Welcome to Broadway’s living room

| 26 Jun 2018 | 01:58

Late on a Tuesday night in March, at a cabaret club in the heart of the theater district, a pack of giddy musical theater students are reveling in the kind of post-performance bliss that only comes from playing a packed room, obsessing over the woman with whom they’re sharing a greenroom.

“Chita Rivera was up here,” says Jessie Brownie, a senior at Elon University in North Carolina. “She jumped in the group photo with us! It just confirms that all the greats perform here, and it’s just so cool to be doing it right alongside them.”

Here is Feinstein’s/54 Below, a cabaret supper club in the basement of Studio 54 — the infamous late-1970s nightclub turned Broadway theater. Founded in June of 2012 by a team of bold-faced Broadway producers, 54 Below has become the center of theater’s flourishing cabaret scene.

54 Below is far from the only space in New York offering Broadway stars a stage for cabaret — Café Carlyle, Joe’s Pub and The Birdland Jazz Club rank among the popular, too.

But in the variety and volume of Broadway-centric programming it offers, 54 Below is unlike any of its peers.

“You can go to 54 Below, and you can see Laura Benanti and her mom, and then you can see Norm Lewis, and then you can see some singer-songwriter who is still an undergrad at some college you’ve never heard of, do a night of her songs,” says Joe Iconis, a composer and lyricist, and one of 54 Below’s regular performers.

In other words, there aren’t many venues at which a group of college students could legitimately proclaim that Chita Rivera was their opening act.

For those unfamiliar with New York’s cabaret scene — or with the theater world at all — it might be helpful to think of 54 Below’s Hollywood equivalent.

“Broadway performers have joked that it’s like being on ‘Law & Order,’” says Jennifer Tepper, 54 Below’s programming director. “Everyone on Broadway has done it.”

And “everyone” is no joke. From Lin-Manuel Miranda to Laura Benanti, there are few marquee names who have yet to set foot on 54 Below’s small stage.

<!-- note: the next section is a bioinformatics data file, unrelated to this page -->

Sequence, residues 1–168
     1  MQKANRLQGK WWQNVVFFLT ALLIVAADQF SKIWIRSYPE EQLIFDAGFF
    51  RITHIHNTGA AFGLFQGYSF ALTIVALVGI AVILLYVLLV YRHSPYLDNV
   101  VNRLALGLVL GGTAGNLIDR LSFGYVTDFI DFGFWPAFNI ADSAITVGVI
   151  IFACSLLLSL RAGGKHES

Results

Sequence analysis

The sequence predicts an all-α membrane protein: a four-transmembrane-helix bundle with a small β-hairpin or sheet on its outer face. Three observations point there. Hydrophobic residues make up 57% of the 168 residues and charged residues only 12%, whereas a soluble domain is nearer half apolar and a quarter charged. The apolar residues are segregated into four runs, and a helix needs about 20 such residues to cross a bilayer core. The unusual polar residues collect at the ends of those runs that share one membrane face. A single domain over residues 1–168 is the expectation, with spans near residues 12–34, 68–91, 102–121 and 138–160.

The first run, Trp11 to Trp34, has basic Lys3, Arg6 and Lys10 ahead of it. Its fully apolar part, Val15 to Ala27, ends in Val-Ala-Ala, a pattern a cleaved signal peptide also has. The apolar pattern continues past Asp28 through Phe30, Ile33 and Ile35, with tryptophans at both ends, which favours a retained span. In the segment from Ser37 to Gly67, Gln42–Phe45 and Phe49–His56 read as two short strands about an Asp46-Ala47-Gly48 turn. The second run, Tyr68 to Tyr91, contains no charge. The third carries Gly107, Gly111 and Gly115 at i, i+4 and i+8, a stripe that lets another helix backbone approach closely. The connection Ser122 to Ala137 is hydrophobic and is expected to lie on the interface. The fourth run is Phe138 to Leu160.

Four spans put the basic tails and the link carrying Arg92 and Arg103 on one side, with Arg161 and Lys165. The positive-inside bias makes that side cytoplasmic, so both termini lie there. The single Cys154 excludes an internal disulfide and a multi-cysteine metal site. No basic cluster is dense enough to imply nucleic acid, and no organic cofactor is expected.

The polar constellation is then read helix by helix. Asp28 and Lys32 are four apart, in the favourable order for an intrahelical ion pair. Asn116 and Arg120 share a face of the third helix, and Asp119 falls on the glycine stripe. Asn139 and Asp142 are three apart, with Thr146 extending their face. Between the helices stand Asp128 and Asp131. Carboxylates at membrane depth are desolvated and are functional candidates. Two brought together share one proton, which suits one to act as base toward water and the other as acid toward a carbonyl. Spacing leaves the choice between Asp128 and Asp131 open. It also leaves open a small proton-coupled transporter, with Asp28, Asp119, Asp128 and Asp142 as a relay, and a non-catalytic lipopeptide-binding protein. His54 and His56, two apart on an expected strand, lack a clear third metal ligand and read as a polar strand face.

In 2012, the club’s founders — Tom Viertel, Marc Routh, Richard Frankel and Steve Baruch — planned on opening a traditional venue where famous Broadway performers would drift in and out, attracting a steady stream of New York theater fans.

A different philosophy — one focused on variety and volume — saved 54 Below from becoming the flop that all producers fear. Now, instead of a few weekly headliners, the club produces between 15 and 18 shows every week.

A typical week at 54 Below might include a classic cabaret by a Broadway legend, a slate of young performers paying tribute to The Beatles or Gwen Stefani, and a reunion concert of a gone-too-soon musical like “Heathers” or “Merrily We Roll Along.”

Tepper, who was brought into the fold in 2013, is hailed by some as the mastermind behind this successful new approach. Though she denies sole credit, Tepper’s enthusiasm for her work matches that of a theater-loving kid taking her first bows in the fifth-grade play.

“The good thing is, there’s no drought of Broadway performers,” she says. “There are always new shows opening, new writers writing new material. As long as Broadway keeps going, there’s always new stuff for us to do. We won’t run out.”

Ticket prices at 54 Below usually range from $30 — $100, depending on the act. Still, a $30 ticket (plus $25 food and drink minimum) isn’t exactly cheap. That’s where YouTube comes in.

This spring, Joe Iconis performed a series of shows at 54 Below with George Salazar, an actor from his musical, “Be More Chill,” which centers around high school misfits, and which has become inexplicably popular in the last year — its album being streamed over 90 million times, despite the show only ever having a month-long regional production in 2015. (That popularity, however, will bring the show Off-Broadway this July).

At one of Iconis and Salazar’s March shows, 54 Below was packed, mostly with teenagers and their parents, some of whom actually had flown out for the event. Immediately as the show began, phones went up and started recording. The next day, video of each song from the performance was up on YouTube in multiples.

“I call YouTube ‘Tin Pan Alley’ of the future,” Tepper says. “That’s how you get your songs known.”

And not just known, but interpreted by other performers. “When you’re looking for a new song, you think, ‘what have people been performing at 54 Below?’” says Elon student Grant Paylor.

That’s what Michael Schimmele was thinking when deciding what to sing for the Elon senior showcase. After browsing YouTube, the song Schimmele chose for his 54 Below debut was “Michael in the Bathroom,” a stand-out hit from “Be More Chill.”

Schimmele’s version now has nearly 4,000 views on YouTube, where the next generation of theater kids can find him singing it on 54 Below’s hallowed stage.